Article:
9 Grammatical Pitfalls


[kuh-nek-tid] /kəˈnɛk tɪd/
united, joined, or linked.
having a connection.
joined together in sequence; linked coherently:
connected ideas.
related by family ties.
having social or professional relationships, especially with influential or powerful persons.
Mathematics. pertaining to a set for which no cover exists, consisting of two open sets whose intersections with the given set are disjoint and nonempty.
Origin of connected
1705-15; connect + -ed2
Related forms
connectedly, adverb
connectedness, noun
subconnectedly, adverb
well-connected, adjective


[kuh-nekt] /kəˈnɛkt/
verb (used with object)
to join, link, or fasten together; unite or bind:
to connect the two cities by a bridge; Communication satellites connect the local stations into a network.
to establish communication between; put in communication:
Operator, will you please connect me with Mr. Jones?
to have as an accompanying or associated feature:
pleasures connected with music.
to cause to be associated, as in a personal or business relationship:
to connect oneself with a group of like-minded persons; Our bank is connected with major foreign banks.
to associate mentally or emotionally:
She connects all telegrams with bad news.
to link to an electrical or communications system; hook up:
to connect a telephone.
verb (used without object)
to become connected; join or unite:
These two parts connect at the sides.
(of trains, buses, etc.) to run so as to make connections (often followed by with):
This bus connects with a northbound bus.
Informal. to have or establish successful communication; make contact:
I connected with two new clients today.
Informal. to relate to or be in harmony with another person, one's work, etc.:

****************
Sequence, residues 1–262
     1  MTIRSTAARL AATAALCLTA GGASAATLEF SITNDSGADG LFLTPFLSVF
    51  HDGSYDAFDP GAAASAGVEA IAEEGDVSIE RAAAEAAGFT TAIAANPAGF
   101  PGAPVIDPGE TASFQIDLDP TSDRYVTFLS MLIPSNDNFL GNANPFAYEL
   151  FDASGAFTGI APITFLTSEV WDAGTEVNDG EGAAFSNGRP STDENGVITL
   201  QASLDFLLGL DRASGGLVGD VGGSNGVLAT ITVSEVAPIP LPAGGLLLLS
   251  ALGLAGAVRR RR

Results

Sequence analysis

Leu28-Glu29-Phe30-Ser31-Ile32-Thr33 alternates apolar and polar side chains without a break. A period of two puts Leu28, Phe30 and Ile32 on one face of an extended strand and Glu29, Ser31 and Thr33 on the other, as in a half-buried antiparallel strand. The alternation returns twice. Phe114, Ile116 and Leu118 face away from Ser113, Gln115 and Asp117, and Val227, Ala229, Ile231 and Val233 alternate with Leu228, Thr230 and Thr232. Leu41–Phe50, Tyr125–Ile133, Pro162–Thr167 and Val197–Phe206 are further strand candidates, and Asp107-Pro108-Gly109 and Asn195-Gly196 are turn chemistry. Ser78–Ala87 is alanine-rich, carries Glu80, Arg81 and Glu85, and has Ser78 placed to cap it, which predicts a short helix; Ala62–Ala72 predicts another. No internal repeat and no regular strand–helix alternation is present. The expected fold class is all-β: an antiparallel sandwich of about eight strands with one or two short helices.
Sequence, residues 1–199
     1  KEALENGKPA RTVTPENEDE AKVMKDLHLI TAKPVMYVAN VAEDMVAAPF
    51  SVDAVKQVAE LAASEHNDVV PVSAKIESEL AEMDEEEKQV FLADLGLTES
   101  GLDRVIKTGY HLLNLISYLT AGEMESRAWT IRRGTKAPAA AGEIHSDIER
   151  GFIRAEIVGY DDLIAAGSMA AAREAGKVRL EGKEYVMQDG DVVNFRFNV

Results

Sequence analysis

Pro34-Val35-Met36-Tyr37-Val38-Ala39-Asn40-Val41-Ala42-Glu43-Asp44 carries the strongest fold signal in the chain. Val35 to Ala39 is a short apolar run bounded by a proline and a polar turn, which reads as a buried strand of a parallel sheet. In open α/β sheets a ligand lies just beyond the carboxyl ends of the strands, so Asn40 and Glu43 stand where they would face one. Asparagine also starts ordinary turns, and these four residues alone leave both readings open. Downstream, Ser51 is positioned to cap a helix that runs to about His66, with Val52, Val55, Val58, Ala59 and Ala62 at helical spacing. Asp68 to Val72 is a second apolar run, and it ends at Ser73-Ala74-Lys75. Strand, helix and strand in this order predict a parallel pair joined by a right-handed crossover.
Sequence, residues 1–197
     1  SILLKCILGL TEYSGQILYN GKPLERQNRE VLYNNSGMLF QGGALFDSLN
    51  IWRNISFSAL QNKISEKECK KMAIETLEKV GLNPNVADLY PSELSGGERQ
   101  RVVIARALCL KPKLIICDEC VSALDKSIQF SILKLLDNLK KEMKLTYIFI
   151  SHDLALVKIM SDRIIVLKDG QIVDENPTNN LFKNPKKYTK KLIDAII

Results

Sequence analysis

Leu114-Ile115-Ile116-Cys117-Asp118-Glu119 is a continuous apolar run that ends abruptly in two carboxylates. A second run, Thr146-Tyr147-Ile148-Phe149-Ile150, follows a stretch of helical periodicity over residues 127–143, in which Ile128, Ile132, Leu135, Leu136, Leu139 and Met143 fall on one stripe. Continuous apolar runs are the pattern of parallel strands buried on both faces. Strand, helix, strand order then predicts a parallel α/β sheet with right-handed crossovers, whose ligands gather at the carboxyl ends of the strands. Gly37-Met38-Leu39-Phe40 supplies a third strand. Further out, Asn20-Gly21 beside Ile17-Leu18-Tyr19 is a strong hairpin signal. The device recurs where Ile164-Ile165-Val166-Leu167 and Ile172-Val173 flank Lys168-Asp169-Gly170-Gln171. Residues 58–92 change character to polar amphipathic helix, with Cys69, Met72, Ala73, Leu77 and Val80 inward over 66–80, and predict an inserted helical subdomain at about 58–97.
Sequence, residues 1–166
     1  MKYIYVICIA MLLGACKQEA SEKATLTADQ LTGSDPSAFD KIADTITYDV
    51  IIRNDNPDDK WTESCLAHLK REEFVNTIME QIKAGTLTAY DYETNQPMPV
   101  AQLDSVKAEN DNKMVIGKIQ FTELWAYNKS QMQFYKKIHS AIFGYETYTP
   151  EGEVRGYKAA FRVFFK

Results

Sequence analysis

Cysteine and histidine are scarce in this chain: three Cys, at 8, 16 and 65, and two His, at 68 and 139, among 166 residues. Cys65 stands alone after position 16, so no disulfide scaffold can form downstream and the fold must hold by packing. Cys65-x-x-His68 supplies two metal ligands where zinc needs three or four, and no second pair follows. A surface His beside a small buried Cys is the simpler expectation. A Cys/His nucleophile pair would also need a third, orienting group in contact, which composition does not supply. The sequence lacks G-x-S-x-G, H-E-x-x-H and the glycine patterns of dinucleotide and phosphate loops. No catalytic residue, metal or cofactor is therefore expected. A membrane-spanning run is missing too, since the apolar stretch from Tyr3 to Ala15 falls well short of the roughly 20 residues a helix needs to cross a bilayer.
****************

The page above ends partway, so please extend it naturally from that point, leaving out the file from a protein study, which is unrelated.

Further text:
We knew each other well but never connected.
Slang. (of an addict or drug dealer) to make direct contact for the illegal sale or purchase of narcotics.
Sports. to hit successfully or solidly:
The batter connected for a home run. The boxer connected with a right.
of or relating to a connection or connections:
connect charges for a new cable television channel.
1400-50; late Middle English < Latin connectere, equivalent to con- con- + nectere to tie; see nexus
Related forms
connectible, connectable, adjective
connectibility, connectability, noun
misconnect, verb
reconnect, verb (used with object)
subconnect, verb
1. See join.
1. divide. 4. dissociate. Unabridged
Based on the Random House Dictionary, © Random House, Inc. 2015.
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Examples from the web for connected
  • Clearly, people were hungry for the old, connected ways of eating.
  • Squares and rectangles appear throughout the garden and shape three multilevel backyard patios connected by wide stairs.
  • The offsets are usually connected to the parent by a single root that's easy to sever.
  • And, surprisingly, it is possible that these facts are connected.
  • More and more are getting connected so that they can communicate the information they contain to the outside world.
  • Financial intermediation is in a lot of texts but only recently has it been connected to more systematic treatments of cycles.
  • Get connected with friends back in high school, share pics more easily across the globe.